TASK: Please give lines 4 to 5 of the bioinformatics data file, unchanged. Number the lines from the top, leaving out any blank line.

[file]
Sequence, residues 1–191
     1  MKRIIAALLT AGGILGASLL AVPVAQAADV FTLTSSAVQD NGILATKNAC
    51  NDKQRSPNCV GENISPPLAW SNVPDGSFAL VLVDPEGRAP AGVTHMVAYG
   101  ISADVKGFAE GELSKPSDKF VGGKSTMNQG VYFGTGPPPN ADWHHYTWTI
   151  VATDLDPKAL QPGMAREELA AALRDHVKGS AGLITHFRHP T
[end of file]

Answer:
   101  ISADVKGFAE GELSKPSDKF VGGKSTMNQG VYFGTGPPPN ADWHHYTWTI
   151  VATDLDPKAL QPGMAREELA AALRDHVKGS AGLITHFRHP T